Rosenbloom, Nancy J.  “From Regulation to Censorship: Film and Political Culture in New York in the Early Twentieth Century.”  Journal of the Gilded Age and Progressive Era 3:4 (October 2004): 369-406. 

Ross, Harris.  “D. W. Griffith v. City Hall: Politics, Ethnicity, and Chicago Film Censorship.” Journal of the Illinois State Historical Society  100 (Spring 2007): 19–40.   

Ross, Harris. “The Pennsylvania State Board of Censors: The Great War, the Movies, and D. W. Griffith.”  Pennsylvania History 75 (Spring 2008): 227–59.

Sbardellati, John.  “Brassbound G-Men and Celluloid Reds: The FBI’s Search for Communist Propaganda in Wartime Hollywood.”  Film History 20:4 (2008): 412-436.

Schumach, Murray.  The Face on the Cutting Room Floor: The Story of Movie and Television Censorship.  New York: William Morrow and Co., 1964.  (1975 reprint also available)

Scott, Ellen C.  “Black Censor, White Liberties: Civil Rights and Illinois’s 1917 Film Law.”  American Quarterly 64:2 (June 2012): 219-247.

Scott, Ellen. “More Than A ‘Passing’ Sophistication: Dress, Film Regulation, and the Color Line in 1930s American Films.” Women’s Studies Quarterly 41 (Spring–Summer 2013): 60–86.

Scott, Ellen. “Regulating “Nigger”: Racial Offense, African American Activists, and the MPPDA, 1928–1961.” Film History: An International Journal 26, no. 4 (2014): 1-31.

Simmons, Jerold. “Violent Youth: The Censoring and Public Reception of The Wild One and The Blackboard Jungle.” Film History: An International Journal 20, no. 3 (2008): 381-391.

Sligar, Sara. “Reserving the Kill: The Suicide Ban and Criminal Punishment in Code-Era Hollywood Film.” Film History: An International Journal 31, no. 4 (2019): 1-29.

Smith, Jeff.  Film Criticism, the Cold War, and the Blacklist: Reading the Hollywood Reds. Berkeley: University of California Press, 2014.

Springhall, John.  “Censoring Hollywood: Youth, Moral Panic, and Crime/Gangster Movies of the 1930s.”  Journal of Popular Culture 32:3 (Winter 1998): 135-154.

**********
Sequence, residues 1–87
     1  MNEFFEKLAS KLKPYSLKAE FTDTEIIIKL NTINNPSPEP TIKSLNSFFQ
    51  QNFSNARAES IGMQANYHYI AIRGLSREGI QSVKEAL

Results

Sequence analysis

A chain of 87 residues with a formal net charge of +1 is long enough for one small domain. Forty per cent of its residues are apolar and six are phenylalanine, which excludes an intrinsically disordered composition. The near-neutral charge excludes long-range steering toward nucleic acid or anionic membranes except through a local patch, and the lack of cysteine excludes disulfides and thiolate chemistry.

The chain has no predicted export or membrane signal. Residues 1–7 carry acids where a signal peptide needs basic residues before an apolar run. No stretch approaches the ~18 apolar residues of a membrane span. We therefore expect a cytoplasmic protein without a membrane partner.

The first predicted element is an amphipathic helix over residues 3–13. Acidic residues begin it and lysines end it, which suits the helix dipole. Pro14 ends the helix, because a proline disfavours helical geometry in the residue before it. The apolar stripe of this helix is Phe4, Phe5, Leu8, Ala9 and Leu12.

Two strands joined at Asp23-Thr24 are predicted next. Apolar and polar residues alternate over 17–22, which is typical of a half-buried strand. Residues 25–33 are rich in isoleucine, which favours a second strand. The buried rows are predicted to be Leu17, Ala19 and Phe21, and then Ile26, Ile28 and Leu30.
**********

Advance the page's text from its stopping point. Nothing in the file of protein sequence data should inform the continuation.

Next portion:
Staiger, Janet.  Bad Women: Regulating Sexuality in Early American Cinema.  Minneapolis: University of Minnesota Press, 1995.

Stamp Lindsey, Shelley.  “Oil Upon the Flames of Vice’: The Battle Over White Slave Films in New York City.”  Film History 9:4 (1997): 351-364.

Strassfeld, Ben. “We Want to Be Neutral: The Right-Wing Extremist Politics of 1930s Detroit Policy Movie Censorship.” Film History 34:2 (Summer 2022): 92-117.

Strub, Whitney. “Black and White and Banned All Over: Race, Censorship, and Obscenity in Postwar Memphis.”  Journal of Social History 40 (Spring 2007): 685–715.

Vaughn, Robert.  Only Victims: A Study of Show Business Blacklisting.  New York: Putnam, 1972.

Vaughn, Stephen.  “Morality and Entertainment: The Origins of the Motion Picture Production Code.” Journal of American History 71 (June 1990): 39-65.

Vaughn, Stephen. “The Devil’s Advocate: Will H. Hays and the Campaign to Make Movies Respectable.” Indiana Magazine of History 101 (June 2005): 125­-152.

Vaughn, Stephen.  Freedom and Entertainment: Rating the Movies in an Age of New Media.  New York: Cambridge University Press, 2006.

Walsh, Frank.  Sin and Censorship: The Catholic Church and the Motion Picture Industry.  New Haven: Yale University Press, 1996.

Wertheimer, John.  “Mutual Film Revisited: The Movies, Censorship, and Free Speech in Progressive America.” American Journal of Legal History 37:2 (1993): 158-189.

Wilinsky, Barbara.  “A Thinly Disguised Veneer Covering a Filthy Sex Picture’: Discourses on Art Houses in the 1950s.”  Film History 8:2 (1996) 143-158.

Wittern-Keller, Laura. Freedom of the Screen: Legal Challenges to State Film Censorship, 1915-1981.  Lexington: University of Kentucky Press, 2008.

Wittern-Keller, Laura, and Raymond J. Haberski Jr. The Miracle Case: Film Censorship and the Supreme Court.  Lawrence: University Press of Kansas, 2008.

Yogerst, Chris. “Hughes, Hawkes, and Hays: The Monumental Censorship Battle Over Scarface (1932).” Journal of American Culture 40:2 (2017): 134-144.

Yogerst, Chris. “Searching for Common Ground: Hollywood Prior to the Senate Investigation on Motion Picture Propaganda, 1935-1941.” Journal of Film, Radio, and Television 39:4 (December 2019): 725-748.